Haplotype in the region between SNPs A73018G and G106490T in CYP3A43 and MST of the haplotypes. (A) Haplotypes and their estimated frequencies in each population, including the ancestral haplotype in chimpanzee (Chimp). (B ) MST of the haplotypes in this ...
Table 2
Haplotype diversity test in CYP3A43 and CYP3A5 gene regions.

Discussion and Conclusion

Several lines of evidence indicate signatures of natural selection on CYP3A4 and CYP3A7 in all three populations in our study. First of all, we observed extremely low nucleotide diversities at both gene loci in all three populations. The π values were obviously much lower than the genome-wide average for autosomes (7.7 × 10−4), across chromosome 7 (7.6 × 10−4) (Stephens et al. 2001), and in coding regions for autosomal genes (3.4 × 10−4) (Sachidanandam et al. 2001). Second, significantly negative values for all four statistics (Tajima’s D, Fu and Li’s D* and F*, and Fay and Wu’s H) were observed in CYP3A4 and CYP3A7. Third, the HKA test also indicated a local reduction in variability relative to divergence at the CYP3A locus compared with the neutral DMD intron 44 (Nachman and Crowell 2000).

In agreement with our findings, Qiu et al. (2008) also detected particularly strong recent positive selections on protein-coding sequences of human CYP3A4 and CYP3A7 after the split of the chimpanzee and human lineages or early in hominoid evolution. In a recent phylogenetic investigation, Zawaira et al. (2008) also showed that the Gotoh’s substrate recognition sites of human CYP3A is associated with the sites under adaptive evolution. CYP3A is involved in the metabolism of foreign compounds, such as naturally occurring flavonoids, diterpenoids in germander, pyrrolizidine alkaloids (e.g., echimidine and jacobine), and herbal constituents (Zhou et al. 2007). CYP3A also normally metabolizes food-derived activators of pregnane X receptor and/or constitutive androstane receptor, thereby regulating the expression of a range of detoxifying systems in the liver (van Waterschoot et al. 2009). Therefore, molecular adaptation to the evolving environment is possible for the CYP3A locus or individual genes in this locus.

In the present study, we observed that the 40.5-kb region from the CYP3A4 5′-flanking region to CYP3A4 intron 6 was under a recent positive selection in human samples overall. Thompson et al. (2004) also observed an excess of rare variants, as well as a low number of polymorphisms, in the CYP3A4 gene in non-Africans but not Africans. Schirmer et al. (2006) observed that the region centromeric of the ancestral CYP3A4*1B allele (which is correlated with moderately increased expression of CYP3A4 mRNA and protein and increased activity) exhibits “high haplotype homozygosity in European Caucasians as oppose d to African Americans.” The slight difference between our study and that of Thompson et al. (2004) may be due to differences in data analysis, as all the neutrality tests were performed on the assumption of absence of genetic recombination across the locus. However, recombination at the CYP3A locus is possible, as indicated by LD structure in the present study. Neutrality tests that take recombination into account, such as the sliding-window analysis, may be more appropriate. Of course, it is still difficult to pinpoint the evolutionary driving force shaping the nucleotide diversity pattern of CYP3A4 in our study. In spite of its role in the metabolism of xenobiotics, CYP3A4 also metabolizes endogenous chemicals such as the eicosanoid metabolite endocannabinoid anandamide (Snider et al. 2007) and uroporphyrin (Franklin et al. 2000); factors that lead to fluctuation of these chemicals might be one of selective forces for human CYP3A4.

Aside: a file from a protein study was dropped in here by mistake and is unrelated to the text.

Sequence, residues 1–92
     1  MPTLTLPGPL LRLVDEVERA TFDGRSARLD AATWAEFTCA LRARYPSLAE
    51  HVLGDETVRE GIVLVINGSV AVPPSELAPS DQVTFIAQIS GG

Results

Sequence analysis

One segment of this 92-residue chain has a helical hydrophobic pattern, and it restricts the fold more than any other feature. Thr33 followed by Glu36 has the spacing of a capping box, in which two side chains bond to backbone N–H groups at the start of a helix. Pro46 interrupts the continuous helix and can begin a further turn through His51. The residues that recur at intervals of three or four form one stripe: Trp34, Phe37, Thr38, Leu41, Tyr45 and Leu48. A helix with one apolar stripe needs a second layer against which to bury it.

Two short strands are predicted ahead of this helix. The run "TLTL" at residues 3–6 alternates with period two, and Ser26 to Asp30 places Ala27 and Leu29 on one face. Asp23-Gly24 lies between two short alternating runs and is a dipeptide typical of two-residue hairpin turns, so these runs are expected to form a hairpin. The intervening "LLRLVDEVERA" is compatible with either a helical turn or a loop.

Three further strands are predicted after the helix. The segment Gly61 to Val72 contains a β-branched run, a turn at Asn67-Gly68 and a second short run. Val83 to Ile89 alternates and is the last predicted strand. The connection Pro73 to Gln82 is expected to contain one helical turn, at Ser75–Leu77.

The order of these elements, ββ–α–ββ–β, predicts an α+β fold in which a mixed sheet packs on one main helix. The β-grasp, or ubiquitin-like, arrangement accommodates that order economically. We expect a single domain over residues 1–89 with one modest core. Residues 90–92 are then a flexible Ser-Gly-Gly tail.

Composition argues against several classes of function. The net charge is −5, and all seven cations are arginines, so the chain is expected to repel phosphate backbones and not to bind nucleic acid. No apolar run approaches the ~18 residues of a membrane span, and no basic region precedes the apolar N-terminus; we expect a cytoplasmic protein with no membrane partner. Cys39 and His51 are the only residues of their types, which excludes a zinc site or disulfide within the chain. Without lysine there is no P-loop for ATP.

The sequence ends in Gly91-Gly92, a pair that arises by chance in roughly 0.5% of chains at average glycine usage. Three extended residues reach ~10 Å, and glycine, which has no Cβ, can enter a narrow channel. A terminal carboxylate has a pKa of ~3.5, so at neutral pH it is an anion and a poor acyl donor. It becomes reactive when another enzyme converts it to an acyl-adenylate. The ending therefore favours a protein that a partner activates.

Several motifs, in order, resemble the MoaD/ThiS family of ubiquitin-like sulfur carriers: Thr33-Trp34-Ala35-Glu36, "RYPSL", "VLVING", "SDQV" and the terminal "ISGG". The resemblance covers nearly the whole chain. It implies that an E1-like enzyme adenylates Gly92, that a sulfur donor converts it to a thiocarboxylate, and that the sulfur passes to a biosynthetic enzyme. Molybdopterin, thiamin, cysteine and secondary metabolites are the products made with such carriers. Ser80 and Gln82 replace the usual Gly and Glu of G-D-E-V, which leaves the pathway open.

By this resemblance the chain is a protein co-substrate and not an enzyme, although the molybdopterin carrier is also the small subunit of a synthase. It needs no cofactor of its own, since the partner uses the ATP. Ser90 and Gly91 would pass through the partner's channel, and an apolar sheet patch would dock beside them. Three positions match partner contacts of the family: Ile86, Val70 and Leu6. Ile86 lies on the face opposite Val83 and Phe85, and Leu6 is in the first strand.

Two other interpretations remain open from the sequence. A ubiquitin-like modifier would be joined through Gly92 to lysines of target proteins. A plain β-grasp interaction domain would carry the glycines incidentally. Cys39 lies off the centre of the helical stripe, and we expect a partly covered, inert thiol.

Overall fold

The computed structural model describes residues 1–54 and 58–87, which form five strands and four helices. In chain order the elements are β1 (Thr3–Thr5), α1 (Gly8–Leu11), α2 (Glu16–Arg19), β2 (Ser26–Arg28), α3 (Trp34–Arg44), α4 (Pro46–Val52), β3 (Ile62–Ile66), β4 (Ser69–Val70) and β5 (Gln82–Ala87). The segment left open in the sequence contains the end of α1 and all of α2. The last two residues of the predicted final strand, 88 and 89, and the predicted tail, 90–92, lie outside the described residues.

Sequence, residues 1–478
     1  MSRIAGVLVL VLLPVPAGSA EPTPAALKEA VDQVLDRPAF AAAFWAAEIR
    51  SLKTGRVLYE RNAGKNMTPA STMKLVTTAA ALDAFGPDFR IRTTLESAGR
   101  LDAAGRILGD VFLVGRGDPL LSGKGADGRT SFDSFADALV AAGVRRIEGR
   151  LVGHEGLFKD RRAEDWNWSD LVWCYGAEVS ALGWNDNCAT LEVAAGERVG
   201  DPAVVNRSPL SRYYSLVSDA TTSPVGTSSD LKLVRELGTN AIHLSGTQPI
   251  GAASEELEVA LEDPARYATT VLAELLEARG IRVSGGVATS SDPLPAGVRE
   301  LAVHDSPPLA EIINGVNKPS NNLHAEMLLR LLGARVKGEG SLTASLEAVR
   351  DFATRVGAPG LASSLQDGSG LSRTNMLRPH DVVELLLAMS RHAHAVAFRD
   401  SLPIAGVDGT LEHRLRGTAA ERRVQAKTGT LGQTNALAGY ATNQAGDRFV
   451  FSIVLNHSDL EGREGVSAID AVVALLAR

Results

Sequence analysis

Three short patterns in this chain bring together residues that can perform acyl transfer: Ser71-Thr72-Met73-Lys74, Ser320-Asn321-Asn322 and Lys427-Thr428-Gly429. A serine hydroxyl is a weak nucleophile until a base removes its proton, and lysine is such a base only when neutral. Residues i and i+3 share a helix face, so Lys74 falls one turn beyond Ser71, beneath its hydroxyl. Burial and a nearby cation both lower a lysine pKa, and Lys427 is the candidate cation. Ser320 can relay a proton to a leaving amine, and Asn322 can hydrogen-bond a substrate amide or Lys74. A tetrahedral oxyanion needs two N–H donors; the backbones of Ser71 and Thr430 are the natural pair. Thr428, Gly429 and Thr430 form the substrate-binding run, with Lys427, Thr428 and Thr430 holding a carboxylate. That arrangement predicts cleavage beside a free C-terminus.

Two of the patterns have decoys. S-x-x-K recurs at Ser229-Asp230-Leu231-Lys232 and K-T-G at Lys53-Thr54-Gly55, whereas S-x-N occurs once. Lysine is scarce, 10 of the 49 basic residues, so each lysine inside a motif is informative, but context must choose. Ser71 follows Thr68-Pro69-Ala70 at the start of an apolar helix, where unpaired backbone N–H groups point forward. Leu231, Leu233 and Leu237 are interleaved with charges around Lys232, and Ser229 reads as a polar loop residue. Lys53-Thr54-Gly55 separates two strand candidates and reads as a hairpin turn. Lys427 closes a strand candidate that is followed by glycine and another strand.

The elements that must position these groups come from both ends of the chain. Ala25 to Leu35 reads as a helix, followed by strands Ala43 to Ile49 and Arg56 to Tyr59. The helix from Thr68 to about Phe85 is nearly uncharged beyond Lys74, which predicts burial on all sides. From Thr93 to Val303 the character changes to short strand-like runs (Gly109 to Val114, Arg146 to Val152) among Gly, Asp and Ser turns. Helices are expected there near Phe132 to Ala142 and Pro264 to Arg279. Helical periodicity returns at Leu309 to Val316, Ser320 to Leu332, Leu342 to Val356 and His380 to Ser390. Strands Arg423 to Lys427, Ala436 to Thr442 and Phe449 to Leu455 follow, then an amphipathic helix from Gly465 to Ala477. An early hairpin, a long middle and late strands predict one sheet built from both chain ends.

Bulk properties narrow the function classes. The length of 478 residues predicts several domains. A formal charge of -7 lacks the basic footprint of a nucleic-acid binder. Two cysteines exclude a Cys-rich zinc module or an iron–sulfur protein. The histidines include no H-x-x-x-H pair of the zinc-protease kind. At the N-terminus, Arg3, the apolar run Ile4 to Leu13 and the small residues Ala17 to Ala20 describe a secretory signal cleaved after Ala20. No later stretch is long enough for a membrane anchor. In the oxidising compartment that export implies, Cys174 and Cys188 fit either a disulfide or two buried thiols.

CYP3A7 shows distinctly high catalytic activities for the 16α-hydroxylation of steroids with a C17-keto group, such as estrone (Lee et al. 2003) and dehydroepiandrosterone (Ohmori et al. 1998), and plays a role in estriol synthesis (Siiteri and MacDonald 1963) and retinoic acid metabolism (Marill et al. 2002). Leeder et al. (2005) observed extremely low expression of CYP3A7 in livers of anencephalic human fetuses. This iso enzyme is supposed to be feto protective in humans. In the present study, we observed that a nonsynonymous substitution of CYP3A7, N192S, was driven to near fixation in all human samples and fixed in non-Africans. The N192S SNP occurs in a region close to the CYP3As substrate recognition site 2 (Xue et al. 2001). Alignments of amino acid sequences with all human CYP3A and the orthologs in rat (Cyp3a9) and mouse (Cyp3a13) by us indicated that the residue 192N is highly conserved (data not shown). It is possible that the N192S substitution affects the regioselectivity of CYP3A7 toward its substrates and thus is favored by natural selection. Interestingly, Rodríguez-Antona et al. (2005) recently reported that a common nonsynonymous variant CYP3A7*2 is in strong LD with CYP3A5*1. The CYP3A7*1/CYP3A5*3 haplotype is associated with CYP3A7.1 expression but without CYP3A5 expression, whereas the CYP3A7*2/CYP3A5*1 haplotype is associated with the expression of CYP3A5 and a more active form of CYP3A7 (Rodríguez-Antona et al. 2005). Unfortunately, however, we failed to identify the CYP3A7*2 variant in our study because of the highly homologous sequences of the CYP3A family, which prevented our addressing the possibility that CYP3A7*2 might be the target of positive selection.